Yamaha QL5

How Sound Works – Frequencies, Compression & Rarefaction

Every good Live Audio Engineer needs to know a bit of the science behind what all their fancy equipment is actually doing. 

The first thing we need to understand is frequency. Understanding frequency means that you will be able to equalise, or EQ a mix, and identify and reduce any unwanted sounds from your mix.

So let’s start at the beginning.

The primary school physics beginning…

So what is sound?

If you’ve had the privilege of completing primary school already, you probably have some fuzzy recollection of a physics class with a teacher trying to explain something to better your mind and teach you the facts of life. Though all you really wanted to learn was how to turn yourself invisible so you could crawl out the window and get on with everything else you had planned for the afternoon, which didn’t include listening to his fuzzy voice.

Forget that, it obviously didn’t help you anyway.

I’m going to use some technical terms here, then I’ll explain what they mean:

“compression” and “rarefaction”

These two terms relate to the physical change that happens to the air molecules when the object next to them moves, pushing them together.

Think about what happens to rain in a crazy gusty storm – as the rain falls the wind pushes it together, creating dense sheets of raindrops as it falls.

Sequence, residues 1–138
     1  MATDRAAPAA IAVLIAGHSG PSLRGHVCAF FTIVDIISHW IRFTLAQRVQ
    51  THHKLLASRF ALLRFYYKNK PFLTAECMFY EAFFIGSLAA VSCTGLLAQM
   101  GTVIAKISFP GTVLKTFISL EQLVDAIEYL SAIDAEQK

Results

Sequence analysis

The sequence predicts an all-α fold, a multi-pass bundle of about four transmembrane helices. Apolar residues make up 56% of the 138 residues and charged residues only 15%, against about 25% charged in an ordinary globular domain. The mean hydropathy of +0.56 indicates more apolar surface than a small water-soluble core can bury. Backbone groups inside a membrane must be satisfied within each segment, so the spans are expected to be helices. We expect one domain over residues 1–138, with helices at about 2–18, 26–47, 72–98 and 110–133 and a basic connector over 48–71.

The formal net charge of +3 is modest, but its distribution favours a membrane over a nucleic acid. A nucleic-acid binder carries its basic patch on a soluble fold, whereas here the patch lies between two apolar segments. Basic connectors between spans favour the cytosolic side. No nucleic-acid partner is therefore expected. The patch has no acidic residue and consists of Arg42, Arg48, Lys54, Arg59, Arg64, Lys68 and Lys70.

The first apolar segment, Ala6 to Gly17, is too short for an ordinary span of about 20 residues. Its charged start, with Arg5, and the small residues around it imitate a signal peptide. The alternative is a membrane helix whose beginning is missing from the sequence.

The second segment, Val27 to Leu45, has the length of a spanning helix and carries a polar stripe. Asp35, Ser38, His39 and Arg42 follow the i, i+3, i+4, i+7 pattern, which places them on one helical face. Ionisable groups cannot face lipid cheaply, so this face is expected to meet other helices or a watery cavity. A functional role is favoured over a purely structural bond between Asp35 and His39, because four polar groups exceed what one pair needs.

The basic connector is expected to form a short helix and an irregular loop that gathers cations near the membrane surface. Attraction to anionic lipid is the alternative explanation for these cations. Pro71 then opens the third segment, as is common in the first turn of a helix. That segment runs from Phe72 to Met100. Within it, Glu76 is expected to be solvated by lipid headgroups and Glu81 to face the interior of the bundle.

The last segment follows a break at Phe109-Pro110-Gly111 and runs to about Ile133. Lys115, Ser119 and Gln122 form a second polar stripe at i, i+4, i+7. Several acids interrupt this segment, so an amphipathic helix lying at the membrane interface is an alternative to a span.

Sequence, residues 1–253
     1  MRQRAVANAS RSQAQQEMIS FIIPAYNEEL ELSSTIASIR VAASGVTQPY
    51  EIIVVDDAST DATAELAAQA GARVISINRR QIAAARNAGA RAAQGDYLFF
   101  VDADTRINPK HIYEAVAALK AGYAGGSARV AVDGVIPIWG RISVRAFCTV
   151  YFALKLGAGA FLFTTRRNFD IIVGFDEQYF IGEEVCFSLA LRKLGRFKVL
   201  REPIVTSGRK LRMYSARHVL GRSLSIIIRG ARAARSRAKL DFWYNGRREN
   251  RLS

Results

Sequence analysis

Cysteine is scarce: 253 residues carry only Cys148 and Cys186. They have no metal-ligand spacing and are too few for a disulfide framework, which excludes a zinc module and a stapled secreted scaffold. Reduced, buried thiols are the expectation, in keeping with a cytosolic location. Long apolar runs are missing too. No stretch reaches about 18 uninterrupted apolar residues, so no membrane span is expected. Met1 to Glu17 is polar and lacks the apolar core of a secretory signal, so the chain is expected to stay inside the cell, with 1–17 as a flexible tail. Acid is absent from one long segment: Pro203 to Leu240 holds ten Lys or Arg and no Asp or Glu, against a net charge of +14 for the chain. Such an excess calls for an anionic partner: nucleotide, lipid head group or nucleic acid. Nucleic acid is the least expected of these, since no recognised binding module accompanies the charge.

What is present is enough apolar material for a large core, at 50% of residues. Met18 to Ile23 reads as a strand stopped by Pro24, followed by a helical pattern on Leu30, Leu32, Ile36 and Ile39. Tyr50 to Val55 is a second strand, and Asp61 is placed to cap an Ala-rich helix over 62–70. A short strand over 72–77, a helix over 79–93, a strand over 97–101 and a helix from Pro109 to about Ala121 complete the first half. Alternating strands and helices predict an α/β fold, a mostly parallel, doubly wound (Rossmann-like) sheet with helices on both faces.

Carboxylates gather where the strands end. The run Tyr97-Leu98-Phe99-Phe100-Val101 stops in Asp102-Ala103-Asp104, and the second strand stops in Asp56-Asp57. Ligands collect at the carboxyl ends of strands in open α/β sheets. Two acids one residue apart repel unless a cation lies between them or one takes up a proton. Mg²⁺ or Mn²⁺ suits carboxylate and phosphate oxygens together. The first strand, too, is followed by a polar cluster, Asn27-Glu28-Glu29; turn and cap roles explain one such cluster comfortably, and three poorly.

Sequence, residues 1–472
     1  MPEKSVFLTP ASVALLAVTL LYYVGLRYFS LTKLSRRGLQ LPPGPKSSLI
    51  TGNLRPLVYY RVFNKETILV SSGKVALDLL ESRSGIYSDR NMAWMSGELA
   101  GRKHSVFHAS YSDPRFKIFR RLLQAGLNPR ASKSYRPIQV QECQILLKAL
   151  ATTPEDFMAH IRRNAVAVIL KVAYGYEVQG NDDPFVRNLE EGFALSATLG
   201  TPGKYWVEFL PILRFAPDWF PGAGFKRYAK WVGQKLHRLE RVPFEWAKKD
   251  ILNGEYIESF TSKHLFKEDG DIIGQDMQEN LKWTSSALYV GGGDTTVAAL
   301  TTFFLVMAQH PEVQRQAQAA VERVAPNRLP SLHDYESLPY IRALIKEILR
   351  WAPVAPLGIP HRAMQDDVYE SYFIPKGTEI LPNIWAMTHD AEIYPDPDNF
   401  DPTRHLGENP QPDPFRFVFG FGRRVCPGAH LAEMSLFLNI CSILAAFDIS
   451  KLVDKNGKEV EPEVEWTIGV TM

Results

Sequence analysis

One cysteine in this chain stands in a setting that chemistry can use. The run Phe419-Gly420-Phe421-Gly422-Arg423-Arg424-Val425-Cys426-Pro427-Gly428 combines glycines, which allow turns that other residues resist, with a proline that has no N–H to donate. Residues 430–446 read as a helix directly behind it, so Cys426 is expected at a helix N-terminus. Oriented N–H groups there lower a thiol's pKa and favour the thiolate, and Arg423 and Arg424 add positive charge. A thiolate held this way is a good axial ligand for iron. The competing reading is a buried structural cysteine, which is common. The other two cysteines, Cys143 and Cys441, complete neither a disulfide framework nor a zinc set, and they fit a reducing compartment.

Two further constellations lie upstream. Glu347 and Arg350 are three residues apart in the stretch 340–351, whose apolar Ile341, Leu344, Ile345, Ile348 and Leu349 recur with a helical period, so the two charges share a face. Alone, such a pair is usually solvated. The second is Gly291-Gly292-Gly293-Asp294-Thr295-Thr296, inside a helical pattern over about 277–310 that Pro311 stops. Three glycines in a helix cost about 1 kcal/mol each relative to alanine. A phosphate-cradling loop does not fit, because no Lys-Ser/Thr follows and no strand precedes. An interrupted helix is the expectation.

sheet of rain

Like this, your vocal cords push the molecules of the air together, creating compression, and the space now left with not many molecules between is rarefaction.

Now this one’s a little hard to get your head around: A waveform is a just a chart that demonstrates the amount of compression or rarefaction of the air molecules. So in the below diagram, the line below the midline is showing how much the air is rarefying, while the line above the centre line is demonstrating how much the air is compressing. As the line reaches the top of the grid, it is at its maximum point of compression and the molecules are as close together as they can be.

Now the term wavelength, describes the physical distance between two corresponding points of the same compression or rarefaction. This is called one cycle. It is measured in meters for low frequencies and in centimeters for high frequencies.

This distance defines the frequency of a sound. If the cycles are very long, this will be a low frequency, like the rumble of bass or a truck driving past. If the cycles are very short, this will be a high frequency like the whistle of a kettle. We measure the frequency of sound as cycles per second. 1 cycle per second is 1 Hertz (hz) and 1000 cycles per second is 1000 Hertz or 1 Kilohertz (kHz). 1 Kilohertz has 1000 hertz in it, just like a kilometer has 1000 meters in it.

The human ear can hear a range of sounds from 20Hz to 20kHz, but this decreases as our hearing wears out with age and abuse. 

Now, take a big breath, that’s all you’re going to need to know for the moment to understand frequencies. 

Go have a walk around and listen to the sounds around you and try to take a guess what frequency range they’re in. Remember that sounds are usually made up of lots of frequencies in a particular range.

Or better still, pull out an EQ, put some music through it and increase the volume on particular frequencies to hear what they sound like!

Next, we’ll learn about volume or Amplitude.

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